No black Friday for investors as markets hold steady underpinned by banks

By Thanksgiving evening, US shoppers had splurged more than $1.52bn online

European shares ended little changed on Friday, underpinned by gains among heavyweight financial stocks. British shares were slightly lower.

US stocks gained, with the Nasdaq and the benchmark S&P 500 hitting records, helped by higher commodity prices and with retail stocks getting a boost on signs of a strong Black Friday start to the holiday shopping season.


The Iseq nudged ahead by 0.3 per cent on thin trading volumes.

Betting-shop operator Paddy Power Betfair was one of the exchange's strongest performers, up 3.1 per cent on a report that it may expand overseas to offset tougher gambling regulations in Britain. Along with UK rival William Hill, Paddy Power was reported to have held talks on a deal with Australia's CrownBet.


Agribusiness Origin Enterprises, chaired by Rose Hynes, rose 1.2 per cent after a trading statement on Friday morning that predicted a near 4 per cent rise in first-half revenues.

A stronger pound helped to boost Bulmers/Magners cidermaker C&C, which rose by 1.7 per cent after a late afternoon price rally.


3i Group rose 1.7 per cent as Canaccord rose its target price for the listed private equity firm. Travel firm Thomas Cook jumped 4.7 per cent after it was reported it bid for failed rival Monarch Airlines' landing and take-off slots at London Gatwick airport.

Among other mid-caps, pub operator Mitchells & Butlers which tanked on Thursday after reporting full year earnings, rebounded 3.8 per cent. Among housebuilders hit after poor mortgage data, Persimmon and Barratt Developments fell 3.6 per cent and 3.3 per cent respectively while Taylor Wimpey retreated 2.4 per cent.

Provident Financial also shed 1.9 per cent. The British subprime lender said executive chairman Manjit Wolstenholme died at age 53. The troubled lender had appointed Wolstenholme to the position in August, with the aim of turning around the group and protecting its franchises.


The export-heavy German DAX index advanced 0.4 per cent, shrugging off strength in the euro. The growing prospect of a grand coalition in Germany boosted sentiment.

While corporate news was sparse, shares in consumer staples businesses were in focus after China said it would cut import tariffs on some consumer products. Shares in Danone rose 0.7 per cent, while Diageo advanced by 0.3 per cent.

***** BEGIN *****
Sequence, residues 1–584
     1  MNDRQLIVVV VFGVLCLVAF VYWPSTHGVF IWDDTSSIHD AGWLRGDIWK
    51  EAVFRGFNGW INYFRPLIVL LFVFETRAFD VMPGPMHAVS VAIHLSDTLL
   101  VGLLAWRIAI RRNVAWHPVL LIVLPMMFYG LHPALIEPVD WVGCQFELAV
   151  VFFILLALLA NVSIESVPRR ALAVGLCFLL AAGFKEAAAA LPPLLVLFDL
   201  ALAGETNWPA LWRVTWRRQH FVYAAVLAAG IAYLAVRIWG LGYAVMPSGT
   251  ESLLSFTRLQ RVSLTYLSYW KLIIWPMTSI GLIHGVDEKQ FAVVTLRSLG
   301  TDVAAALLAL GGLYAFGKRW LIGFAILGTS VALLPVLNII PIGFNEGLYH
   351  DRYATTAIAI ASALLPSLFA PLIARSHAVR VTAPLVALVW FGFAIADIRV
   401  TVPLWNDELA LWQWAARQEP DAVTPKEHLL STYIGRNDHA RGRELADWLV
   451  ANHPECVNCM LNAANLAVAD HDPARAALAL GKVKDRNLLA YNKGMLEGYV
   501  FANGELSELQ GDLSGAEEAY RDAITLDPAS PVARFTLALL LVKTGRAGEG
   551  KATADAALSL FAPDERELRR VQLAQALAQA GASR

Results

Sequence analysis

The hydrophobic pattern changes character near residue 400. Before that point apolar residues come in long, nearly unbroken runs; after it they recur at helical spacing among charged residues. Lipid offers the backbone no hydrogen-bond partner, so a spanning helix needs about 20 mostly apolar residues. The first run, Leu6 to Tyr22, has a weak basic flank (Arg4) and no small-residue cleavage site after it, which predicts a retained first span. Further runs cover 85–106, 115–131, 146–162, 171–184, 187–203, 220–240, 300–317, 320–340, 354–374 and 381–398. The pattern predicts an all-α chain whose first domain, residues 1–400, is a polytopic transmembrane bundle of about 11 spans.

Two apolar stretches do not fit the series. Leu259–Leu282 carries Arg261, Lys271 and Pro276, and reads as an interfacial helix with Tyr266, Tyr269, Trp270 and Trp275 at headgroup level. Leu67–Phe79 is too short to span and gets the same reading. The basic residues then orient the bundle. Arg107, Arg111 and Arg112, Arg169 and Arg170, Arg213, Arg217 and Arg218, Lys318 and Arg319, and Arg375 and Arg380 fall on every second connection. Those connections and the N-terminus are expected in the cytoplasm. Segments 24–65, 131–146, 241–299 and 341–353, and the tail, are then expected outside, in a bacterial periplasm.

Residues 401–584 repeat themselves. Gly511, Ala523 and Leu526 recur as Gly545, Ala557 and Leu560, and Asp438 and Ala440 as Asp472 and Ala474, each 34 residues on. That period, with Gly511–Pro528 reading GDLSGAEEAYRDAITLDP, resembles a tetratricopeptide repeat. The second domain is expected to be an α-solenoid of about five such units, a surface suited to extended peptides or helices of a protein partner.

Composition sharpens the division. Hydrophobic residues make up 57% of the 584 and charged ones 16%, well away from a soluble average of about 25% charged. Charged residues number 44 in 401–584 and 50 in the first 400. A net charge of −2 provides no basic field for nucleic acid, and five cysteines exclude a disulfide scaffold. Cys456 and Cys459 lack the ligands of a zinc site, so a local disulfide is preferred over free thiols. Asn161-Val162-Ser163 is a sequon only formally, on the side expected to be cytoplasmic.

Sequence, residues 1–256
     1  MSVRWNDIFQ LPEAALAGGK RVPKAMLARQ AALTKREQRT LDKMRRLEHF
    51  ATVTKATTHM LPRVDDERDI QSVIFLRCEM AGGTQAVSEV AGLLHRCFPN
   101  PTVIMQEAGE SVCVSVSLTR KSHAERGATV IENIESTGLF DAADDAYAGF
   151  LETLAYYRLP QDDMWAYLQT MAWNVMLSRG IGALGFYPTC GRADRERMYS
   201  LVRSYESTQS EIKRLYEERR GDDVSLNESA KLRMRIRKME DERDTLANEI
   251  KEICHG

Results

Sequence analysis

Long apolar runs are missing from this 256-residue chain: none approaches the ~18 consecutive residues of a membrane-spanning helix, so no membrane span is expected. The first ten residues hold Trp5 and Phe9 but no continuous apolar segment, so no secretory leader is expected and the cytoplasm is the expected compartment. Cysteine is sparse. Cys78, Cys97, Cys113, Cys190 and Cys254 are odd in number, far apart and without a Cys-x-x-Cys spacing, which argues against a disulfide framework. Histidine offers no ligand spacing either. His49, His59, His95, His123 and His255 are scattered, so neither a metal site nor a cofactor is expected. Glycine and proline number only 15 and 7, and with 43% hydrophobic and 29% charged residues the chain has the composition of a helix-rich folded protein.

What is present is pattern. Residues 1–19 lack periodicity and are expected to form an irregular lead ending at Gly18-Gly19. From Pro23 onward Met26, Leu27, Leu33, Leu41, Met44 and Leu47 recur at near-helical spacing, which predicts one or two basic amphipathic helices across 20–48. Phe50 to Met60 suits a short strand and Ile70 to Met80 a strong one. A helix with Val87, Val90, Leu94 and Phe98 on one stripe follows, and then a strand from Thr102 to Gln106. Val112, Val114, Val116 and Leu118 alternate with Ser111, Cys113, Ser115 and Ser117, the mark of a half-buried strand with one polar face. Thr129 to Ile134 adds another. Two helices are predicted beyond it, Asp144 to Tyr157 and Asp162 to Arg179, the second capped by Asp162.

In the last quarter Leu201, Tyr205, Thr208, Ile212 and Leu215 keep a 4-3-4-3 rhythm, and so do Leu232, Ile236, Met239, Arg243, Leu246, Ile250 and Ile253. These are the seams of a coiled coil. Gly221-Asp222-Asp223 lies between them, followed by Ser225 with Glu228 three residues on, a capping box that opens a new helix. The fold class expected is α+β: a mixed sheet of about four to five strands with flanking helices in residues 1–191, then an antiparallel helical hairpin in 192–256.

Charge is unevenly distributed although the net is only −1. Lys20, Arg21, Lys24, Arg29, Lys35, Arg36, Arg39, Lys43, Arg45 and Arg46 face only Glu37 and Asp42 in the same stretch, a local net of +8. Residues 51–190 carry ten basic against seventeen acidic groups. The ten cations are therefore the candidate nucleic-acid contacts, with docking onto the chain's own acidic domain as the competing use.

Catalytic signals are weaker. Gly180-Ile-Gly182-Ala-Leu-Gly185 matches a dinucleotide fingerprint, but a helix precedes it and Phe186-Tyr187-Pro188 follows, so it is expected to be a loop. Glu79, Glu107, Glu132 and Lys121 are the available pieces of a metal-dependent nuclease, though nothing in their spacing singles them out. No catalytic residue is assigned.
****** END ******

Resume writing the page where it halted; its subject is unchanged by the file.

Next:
Banks were also in positive territory, up 0.5 per cent, with Italian lenders topping the index.

Shares in Banco BPM, BPER Banca and UBI Banca rose by 2.5-5.9 per cent after media reports that two European banking directives were in the works in Brussels, aimed at introducing looser rules on disposal of bad loans.


After two disappointing years, Black Friday crowds at stores in many locations around the US this year were reported to be strong, according to analysts.

The S&P retail index was up 0.63 per cent to a record high, led by Macy’s 4.3 per cent jump. The department store operator’s chief executive told CNBC the company was better off this year than last and was seeing very robust online demand.

Kohl's, Gap and JC Penney were up between 2.6 per cent and 1.6 per cent. Wal-Mart gained about 0.5 per cent and electronics retailer Best Buy was up 0.9 per cent.

Their biggest rival, Amazon, gained 1.7 per cent and provided the biggest boost to the S&P and Nasdaq. Surging online sales have eaten into the business of brick-and-mortar retailers. By Thanksgiving evening, shoppers had splurged more than $1.52 billion online, 16.8 percent higher than a year ago.

Oil prices jumped to a more than two-year high as North American markets tightened on the partial closure of a key pipeline linking Canada and the US. Exxon was up 0.4 per cent, while Chevron rose 0.6 per cent and was among the top boosts to the S&P and Dow.

– Additional reporting: Reuters

Mark Paul

Mark Paul

Mark Paul is London Correspondent for The Irish Times